The interest is only added on the amount released so it adds up more slowly than it would if you released the full lump sum, however every time you borrow from your cash facility a new interest rate could be applied to the amount you are asking to borrow. You can continue to live in your own home for the rest of your life, or until you move out permanently into long-term care. It is important to note that, like standard lifetime mortgages, the loan is secured against your home.
If you would like to read more about this type of equity release, click here
Or alternatively, call:
0800 096 7120
How much equity could you release?
Our free online calculator will provide an indication of the maximum amount you may be able to release. It's quick and easy to use and provides a quote based on a lifetime mortgage.
Frequently asked questions
If you take out a lifetime mortgage, the property remains in your name, as it would with a conventional mortgage. However, if you take out a home reversion plan, the reversion company will own all or part of your property on the understanding that you can continue to live there rent-free for the rest of your life.
Yes, and your adviser will discuss these with you. Some possibilities might be to move to a smaller property, rent out a room in your current home, or ask for help from your family. The adviser will also make sure you’re receiving all the state benefits you’re entitled to.
The amount you can release depends on your age and the value of your property.
It depends on the value of your home and the amount remaining on the existing mortgage. Any outstanding mortgages secured against your home will have to be paid off at the same time as taking out equity release plan.
The costs involved include set-up, valuation and legal fees, and these vary depending on the provider and the type of plan you choose. With a lifetime mortgage you can add some of the fees to your loan to avoid too many upfront costs.
Remember that with the Saga Equity Release Advice Service there is no fee for the advice. If the Saga Equity Release Plan or the Saga Regular Drawdown Lifetime Mortgage is recommended by your adviser, there are no valuation or set-up fees and you will also receive £425 towards legal fees paid to your solicitor on completion. If the legal fees come to more than this, you will need to pay the difference.
With a lifetime mortgage, the amount that will need to be repaid depends on the amount of equity you release, how long you’ve had the loan, the rate of interest charged and any fees added. If you repay the loan early, an early repayment charge may apply.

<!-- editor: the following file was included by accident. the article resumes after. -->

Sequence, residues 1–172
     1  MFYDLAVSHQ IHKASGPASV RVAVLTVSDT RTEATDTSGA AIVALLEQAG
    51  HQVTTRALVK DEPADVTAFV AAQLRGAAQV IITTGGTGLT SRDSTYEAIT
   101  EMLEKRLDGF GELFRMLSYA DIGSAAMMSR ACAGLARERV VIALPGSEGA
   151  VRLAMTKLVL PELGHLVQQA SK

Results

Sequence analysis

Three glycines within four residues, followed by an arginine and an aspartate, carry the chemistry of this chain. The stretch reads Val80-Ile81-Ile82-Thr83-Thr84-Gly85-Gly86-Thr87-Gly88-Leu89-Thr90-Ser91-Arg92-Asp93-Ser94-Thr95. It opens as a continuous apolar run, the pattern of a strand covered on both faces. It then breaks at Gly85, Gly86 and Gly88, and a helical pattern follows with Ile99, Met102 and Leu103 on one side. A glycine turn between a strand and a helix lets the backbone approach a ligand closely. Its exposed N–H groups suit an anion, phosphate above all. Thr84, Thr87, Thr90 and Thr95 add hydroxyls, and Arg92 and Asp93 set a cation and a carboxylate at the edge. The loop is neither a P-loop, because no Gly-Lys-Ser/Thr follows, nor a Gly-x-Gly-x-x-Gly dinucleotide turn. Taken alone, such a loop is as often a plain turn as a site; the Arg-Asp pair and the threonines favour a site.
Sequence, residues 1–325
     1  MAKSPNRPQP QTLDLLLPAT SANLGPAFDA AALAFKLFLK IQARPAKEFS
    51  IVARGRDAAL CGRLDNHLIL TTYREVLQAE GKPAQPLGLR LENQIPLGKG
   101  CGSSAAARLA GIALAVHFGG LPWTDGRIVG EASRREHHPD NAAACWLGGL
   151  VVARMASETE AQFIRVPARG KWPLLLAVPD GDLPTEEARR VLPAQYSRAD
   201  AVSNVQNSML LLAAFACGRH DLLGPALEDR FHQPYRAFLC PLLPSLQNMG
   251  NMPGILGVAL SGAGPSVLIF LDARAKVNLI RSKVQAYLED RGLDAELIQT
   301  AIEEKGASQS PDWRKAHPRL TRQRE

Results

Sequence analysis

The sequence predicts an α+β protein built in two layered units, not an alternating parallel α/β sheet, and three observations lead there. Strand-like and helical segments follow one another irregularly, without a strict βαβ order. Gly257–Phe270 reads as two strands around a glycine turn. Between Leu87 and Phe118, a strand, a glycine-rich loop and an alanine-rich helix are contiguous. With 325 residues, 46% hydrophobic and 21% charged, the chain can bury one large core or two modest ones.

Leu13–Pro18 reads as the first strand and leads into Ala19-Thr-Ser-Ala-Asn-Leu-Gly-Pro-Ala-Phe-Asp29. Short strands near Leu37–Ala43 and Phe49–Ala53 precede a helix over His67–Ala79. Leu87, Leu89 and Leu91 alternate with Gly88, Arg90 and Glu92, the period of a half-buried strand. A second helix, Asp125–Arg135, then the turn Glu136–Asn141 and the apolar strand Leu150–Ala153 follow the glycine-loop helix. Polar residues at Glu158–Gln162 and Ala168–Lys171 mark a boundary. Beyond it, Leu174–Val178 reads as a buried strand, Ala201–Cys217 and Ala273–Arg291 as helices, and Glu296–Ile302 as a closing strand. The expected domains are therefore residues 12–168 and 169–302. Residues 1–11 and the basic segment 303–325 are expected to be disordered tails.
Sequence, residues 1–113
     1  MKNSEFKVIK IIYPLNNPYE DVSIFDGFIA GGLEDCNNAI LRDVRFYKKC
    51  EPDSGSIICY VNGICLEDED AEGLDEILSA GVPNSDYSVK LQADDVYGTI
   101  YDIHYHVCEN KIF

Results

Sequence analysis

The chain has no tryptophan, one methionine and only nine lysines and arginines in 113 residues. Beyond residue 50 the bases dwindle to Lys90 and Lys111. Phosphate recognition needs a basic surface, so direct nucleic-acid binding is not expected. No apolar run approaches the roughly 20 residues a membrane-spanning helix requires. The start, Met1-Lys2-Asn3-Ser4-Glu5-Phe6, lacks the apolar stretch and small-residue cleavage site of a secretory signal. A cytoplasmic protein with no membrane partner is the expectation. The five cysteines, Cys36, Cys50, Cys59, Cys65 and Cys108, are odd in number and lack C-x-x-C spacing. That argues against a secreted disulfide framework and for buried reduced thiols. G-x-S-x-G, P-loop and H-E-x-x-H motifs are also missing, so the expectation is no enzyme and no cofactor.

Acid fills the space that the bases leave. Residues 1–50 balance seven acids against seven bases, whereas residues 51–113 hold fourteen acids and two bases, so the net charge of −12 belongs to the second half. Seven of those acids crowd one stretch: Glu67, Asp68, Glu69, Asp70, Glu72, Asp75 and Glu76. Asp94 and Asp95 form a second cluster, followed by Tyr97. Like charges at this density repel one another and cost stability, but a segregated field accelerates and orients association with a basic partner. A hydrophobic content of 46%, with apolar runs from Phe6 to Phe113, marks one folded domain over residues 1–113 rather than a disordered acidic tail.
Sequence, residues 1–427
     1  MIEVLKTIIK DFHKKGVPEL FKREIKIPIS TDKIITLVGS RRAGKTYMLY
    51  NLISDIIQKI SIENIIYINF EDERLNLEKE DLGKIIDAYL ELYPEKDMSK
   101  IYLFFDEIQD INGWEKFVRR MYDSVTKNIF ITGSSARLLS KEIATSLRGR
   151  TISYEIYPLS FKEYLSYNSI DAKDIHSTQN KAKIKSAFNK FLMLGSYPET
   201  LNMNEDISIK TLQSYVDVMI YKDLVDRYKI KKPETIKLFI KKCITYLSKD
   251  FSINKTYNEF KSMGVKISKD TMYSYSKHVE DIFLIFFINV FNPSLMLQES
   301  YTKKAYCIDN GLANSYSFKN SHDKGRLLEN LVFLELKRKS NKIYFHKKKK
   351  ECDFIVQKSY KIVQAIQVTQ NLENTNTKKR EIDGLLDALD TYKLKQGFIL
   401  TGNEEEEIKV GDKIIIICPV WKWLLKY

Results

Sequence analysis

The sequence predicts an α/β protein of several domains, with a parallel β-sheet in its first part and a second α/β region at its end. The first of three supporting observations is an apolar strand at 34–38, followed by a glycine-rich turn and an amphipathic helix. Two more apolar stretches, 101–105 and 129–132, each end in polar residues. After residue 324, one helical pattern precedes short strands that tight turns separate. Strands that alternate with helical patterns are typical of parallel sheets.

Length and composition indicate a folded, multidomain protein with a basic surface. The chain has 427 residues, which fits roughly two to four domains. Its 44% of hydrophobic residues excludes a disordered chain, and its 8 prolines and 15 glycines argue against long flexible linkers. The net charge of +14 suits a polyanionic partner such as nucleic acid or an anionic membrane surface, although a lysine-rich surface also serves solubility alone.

A home reversion plan isn’t a loan and so it won’t accumulate interest. Instead, the provider will receive the agreed proportion of the property value when it is sold following your death or permanent move into long-term care.
Generally, yes. Many products can be transferred to a new home as long as the property is acceptable to your provider as continuing security for the equity release plan. With a lifetime mortgage, if your new property is worth less than your old home, you may have to repay some of the outstanding loan.
Equity release could enable you to help your family while you are still living, but it will reduce the value of your estate and therefore the amount that will go to your beneficiaries on your death. Your adviser will assess how this is likely to affect the value of your estate.
With a lifetime mortgage, if your home sells for more than you owe, the excess would form part of your estate. You could protect some of the value of your estate by choosing a lifetime mortgage with interest repayments, thereby reducing the amount of interest that accumulates over the full term of the loan.
With a home reversion plan, you know exactly what proportion of your home’s value will be left to your loved ones, but not the amount this will be worth.
Equity release will not affect any other money you leave as part of your inheritance – for example, from savings or life assurance policies.
Your adviser will only recommend products that meet the standards of the Equity Release Council. These come with a guarantee that when the property is sold after you die or have moved into permanent long-term care, you or your beneficiaries will not have to repay more than the sale proceeds even if this is less than the amount owed.
Once you’ve chosen a plan and the application has been accepted by the lender, it will typically take six to eight weeks until you receive the money. This is normally three to four months from your initial contact with the Saga Equity Release Advice Service, taking into account the time it takes for your adviser to assess your situation fully, make their recommendations and for you to then make a decision.